Chef pays tribute to Abhinandan with carved watermelon

Indian Air Force Wing Commander Abhinandan Varthaman

New Delhi (IANS) Amidst an array of Indian cuisines and food enthusiasts, chef Jitender Singh had his concentration set on a watermelon as he carved out the face of Indian Air Force Wing Commander Abhinandan Varthaman as a tribute to his heroism.

In the thoughtful gesture, Singh, who has served Prime Minister Narendra Modi and former Prime Minister Manmohan Singh, carved out Abhinandan's distinct and "iconic" moustache, on the watermelon, along with "Jai Hind" in Devanagari script and a couple of army men.

"I lost one of my cousins in a Jammu and Kashmir attack... I know what one goes through when your dear ones are in danger. What Abhinandan did for our country is beyond courage and bravery. Through this fruit carving, I wanted to pay a tribute to our brave pilot, our Army men and other defence forces," Singh told IANS while competing against four other chefs in the category of Fruit and Vegetable Carving at the 14th edition of Culinary Art India (CAI) here.

Wing Commander Abhinandan had shot down a Pakistan Air Force F-16 fighter aircraft on February 27 during an aerial engagement with Pakistan Air Force, but his plane was hit and he landed in Pakistani territory. He was later released by Pakistan as a "peace gesture".

For Singh, paying tribute to Abhinandan was more important to him than winning the competition. But he scored a silver for it.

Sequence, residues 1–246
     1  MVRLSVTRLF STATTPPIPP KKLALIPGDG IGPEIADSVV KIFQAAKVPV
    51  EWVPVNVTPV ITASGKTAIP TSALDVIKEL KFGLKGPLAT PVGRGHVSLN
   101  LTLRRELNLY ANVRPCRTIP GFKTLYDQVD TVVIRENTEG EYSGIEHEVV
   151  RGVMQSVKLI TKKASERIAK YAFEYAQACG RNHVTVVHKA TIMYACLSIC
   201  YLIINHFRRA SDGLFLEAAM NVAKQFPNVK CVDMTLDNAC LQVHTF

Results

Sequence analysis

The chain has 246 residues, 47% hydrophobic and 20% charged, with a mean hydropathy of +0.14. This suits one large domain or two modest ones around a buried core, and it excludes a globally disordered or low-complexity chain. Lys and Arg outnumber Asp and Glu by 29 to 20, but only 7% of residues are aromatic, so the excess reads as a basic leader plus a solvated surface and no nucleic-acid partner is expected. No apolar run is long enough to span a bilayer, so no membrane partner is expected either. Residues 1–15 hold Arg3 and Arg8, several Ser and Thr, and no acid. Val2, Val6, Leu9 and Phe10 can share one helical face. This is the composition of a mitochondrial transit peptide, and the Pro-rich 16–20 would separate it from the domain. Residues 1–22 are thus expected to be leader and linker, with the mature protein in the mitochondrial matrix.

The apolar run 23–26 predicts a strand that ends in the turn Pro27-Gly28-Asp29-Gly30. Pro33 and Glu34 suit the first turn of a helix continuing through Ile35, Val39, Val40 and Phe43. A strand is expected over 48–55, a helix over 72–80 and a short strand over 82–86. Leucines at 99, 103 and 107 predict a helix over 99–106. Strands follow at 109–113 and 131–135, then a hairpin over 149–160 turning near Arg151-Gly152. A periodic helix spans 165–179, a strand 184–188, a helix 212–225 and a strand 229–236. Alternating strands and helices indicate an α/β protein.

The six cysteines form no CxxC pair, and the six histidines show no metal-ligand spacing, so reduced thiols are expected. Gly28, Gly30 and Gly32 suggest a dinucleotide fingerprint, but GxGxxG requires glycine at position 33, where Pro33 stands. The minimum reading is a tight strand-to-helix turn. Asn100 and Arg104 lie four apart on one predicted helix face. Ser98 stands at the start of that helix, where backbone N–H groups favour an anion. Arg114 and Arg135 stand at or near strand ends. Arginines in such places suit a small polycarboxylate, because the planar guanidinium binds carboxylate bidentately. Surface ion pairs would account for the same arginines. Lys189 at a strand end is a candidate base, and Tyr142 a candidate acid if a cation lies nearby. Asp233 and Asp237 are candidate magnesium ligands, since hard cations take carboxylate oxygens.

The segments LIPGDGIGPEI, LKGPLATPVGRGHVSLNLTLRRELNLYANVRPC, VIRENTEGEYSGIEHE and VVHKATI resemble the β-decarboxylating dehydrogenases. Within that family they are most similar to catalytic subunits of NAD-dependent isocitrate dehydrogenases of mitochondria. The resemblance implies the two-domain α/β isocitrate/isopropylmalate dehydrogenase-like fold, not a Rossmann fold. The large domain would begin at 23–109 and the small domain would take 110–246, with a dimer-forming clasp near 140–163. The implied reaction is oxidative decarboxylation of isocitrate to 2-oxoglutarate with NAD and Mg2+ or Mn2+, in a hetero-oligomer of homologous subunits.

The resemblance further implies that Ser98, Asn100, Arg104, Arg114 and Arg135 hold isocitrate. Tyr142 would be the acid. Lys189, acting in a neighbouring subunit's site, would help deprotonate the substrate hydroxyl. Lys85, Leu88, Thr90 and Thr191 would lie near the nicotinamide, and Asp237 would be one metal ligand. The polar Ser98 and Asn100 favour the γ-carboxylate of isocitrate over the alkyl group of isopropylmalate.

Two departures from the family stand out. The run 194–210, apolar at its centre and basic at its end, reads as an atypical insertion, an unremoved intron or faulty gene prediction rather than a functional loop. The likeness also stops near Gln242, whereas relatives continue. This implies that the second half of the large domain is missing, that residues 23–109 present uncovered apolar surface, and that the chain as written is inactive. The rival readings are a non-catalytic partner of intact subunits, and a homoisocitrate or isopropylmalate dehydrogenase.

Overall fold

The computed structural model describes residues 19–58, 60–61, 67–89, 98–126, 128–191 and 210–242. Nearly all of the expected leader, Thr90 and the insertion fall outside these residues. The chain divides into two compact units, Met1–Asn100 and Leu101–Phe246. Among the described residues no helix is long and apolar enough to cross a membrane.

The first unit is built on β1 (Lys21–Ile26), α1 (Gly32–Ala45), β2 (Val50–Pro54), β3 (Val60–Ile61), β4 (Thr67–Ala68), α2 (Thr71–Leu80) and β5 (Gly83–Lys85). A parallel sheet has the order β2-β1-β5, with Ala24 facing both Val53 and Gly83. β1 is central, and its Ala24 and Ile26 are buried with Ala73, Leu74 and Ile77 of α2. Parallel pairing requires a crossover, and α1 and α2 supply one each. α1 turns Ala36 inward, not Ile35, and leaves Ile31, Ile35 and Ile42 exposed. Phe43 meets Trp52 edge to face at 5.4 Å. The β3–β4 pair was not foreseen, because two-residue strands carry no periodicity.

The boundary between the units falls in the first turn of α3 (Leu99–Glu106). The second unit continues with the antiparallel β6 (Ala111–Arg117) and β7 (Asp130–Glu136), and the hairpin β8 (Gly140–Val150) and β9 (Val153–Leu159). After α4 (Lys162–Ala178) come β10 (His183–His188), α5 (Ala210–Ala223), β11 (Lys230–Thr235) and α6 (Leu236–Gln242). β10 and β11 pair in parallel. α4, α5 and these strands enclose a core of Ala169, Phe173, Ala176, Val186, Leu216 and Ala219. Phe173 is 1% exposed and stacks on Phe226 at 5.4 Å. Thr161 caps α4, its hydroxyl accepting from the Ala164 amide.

"I just wanted to beautifully depict Abhinandan's bravery through my fruit carving skills," he said, as several visitors at the gala stopped by to see how he shaped up Abhinandan's face on a watermelon.

The culinary festival also saw 15 chefs demonstrating their culinary expertise and competing in Authentic Indian Regional Cuisine. 

Be it Punjabi cuisine or Rajasthani or Odisha cuisine or South Indian cuisine -- different flavours and food preparations from across the country were on display on the first day of the Culinary Art India at the Pragati Maidan here.

Lukesh Bajaj of Radisson Blu, Paschim Vihar, was acknowledged as a Gold winner, Prem Singh Rathore (The Oberoi) and Sekh Sahajan (Naad Wellness) won Silver, and MD Jibrail (The Ashok) and Vivek Goswami (The Claridges) won Bronze in Authentic Indian Regional Cuisine category.

"It feels great when your work gets appreciated. Such competitions help in improving our skills and motivate us to do better everytime," Bajaj said.

According to him, it was his dessert "Bhutte ke gulab jamun" and "Matar ki phirni" which made him win the prize.

Not only professional experienced chefs, but students who are currently pursuing culinary courses also participated at the event too.

Chef Vivek Saggar, General Secretary of Indian Culinary Forum, found the CAI competition as a great "platform for young aspiring chefs". 

"CAI is a great platform for these youngsters. I want people to treat these chefs with respect. There was a time when our profession was taken for granted but now the time is changing and I hope people consider these chefs more than just 'bawarchis'," he said.

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